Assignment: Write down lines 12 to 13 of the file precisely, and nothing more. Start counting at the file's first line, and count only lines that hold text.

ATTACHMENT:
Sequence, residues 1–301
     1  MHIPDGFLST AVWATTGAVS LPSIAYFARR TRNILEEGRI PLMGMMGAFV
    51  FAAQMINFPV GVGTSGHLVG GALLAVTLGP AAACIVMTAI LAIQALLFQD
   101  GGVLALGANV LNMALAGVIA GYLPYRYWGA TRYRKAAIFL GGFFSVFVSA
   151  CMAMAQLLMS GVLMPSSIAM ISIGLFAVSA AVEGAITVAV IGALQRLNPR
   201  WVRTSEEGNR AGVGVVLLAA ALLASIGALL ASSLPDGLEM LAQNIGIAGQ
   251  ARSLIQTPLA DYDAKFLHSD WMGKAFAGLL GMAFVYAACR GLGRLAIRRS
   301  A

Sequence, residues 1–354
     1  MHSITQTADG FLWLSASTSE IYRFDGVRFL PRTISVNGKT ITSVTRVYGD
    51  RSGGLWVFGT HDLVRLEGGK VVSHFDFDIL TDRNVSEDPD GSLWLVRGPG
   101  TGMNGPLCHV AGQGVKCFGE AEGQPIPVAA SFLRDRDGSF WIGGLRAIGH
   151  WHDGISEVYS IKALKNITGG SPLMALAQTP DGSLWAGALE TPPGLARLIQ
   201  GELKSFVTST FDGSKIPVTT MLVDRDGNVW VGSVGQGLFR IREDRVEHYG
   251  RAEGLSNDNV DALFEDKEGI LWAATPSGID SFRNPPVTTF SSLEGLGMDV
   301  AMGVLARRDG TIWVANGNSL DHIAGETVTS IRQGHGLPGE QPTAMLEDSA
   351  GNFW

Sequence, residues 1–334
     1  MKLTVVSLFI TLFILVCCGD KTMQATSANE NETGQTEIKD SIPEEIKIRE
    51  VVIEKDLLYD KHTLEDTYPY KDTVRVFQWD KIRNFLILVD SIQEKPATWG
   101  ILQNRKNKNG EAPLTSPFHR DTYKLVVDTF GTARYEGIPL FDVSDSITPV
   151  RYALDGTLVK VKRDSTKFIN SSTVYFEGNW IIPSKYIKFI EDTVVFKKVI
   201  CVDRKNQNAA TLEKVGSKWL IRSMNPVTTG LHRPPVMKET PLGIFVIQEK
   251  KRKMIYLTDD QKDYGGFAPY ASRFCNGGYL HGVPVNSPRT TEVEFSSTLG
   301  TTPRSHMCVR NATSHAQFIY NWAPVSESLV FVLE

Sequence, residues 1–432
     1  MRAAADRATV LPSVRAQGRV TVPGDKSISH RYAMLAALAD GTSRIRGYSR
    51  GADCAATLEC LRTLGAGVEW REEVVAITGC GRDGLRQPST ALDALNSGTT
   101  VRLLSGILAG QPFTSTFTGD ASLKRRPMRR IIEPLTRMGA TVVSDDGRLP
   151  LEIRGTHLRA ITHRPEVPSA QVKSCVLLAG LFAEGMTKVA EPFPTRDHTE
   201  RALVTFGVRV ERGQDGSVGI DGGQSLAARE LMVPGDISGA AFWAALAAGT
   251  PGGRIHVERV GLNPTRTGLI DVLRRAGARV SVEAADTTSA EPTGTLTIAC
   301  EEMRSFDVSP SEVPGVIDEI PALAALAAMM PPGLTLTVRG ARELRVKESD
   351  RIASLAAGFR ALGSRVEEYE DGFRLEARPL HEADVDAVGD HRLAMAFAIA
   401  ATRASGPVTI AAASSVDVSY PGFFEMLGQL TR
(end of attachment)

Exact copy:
   101  TGMNGPLCHV AGQGVKCFGE AEGQPIPVAA SFLRDRDGSF WIGGLRAIGH
   151  WHDGISEVYS IKALKNITGG SPLMALAQTP DGSLWAGALE TPPGLARLIQ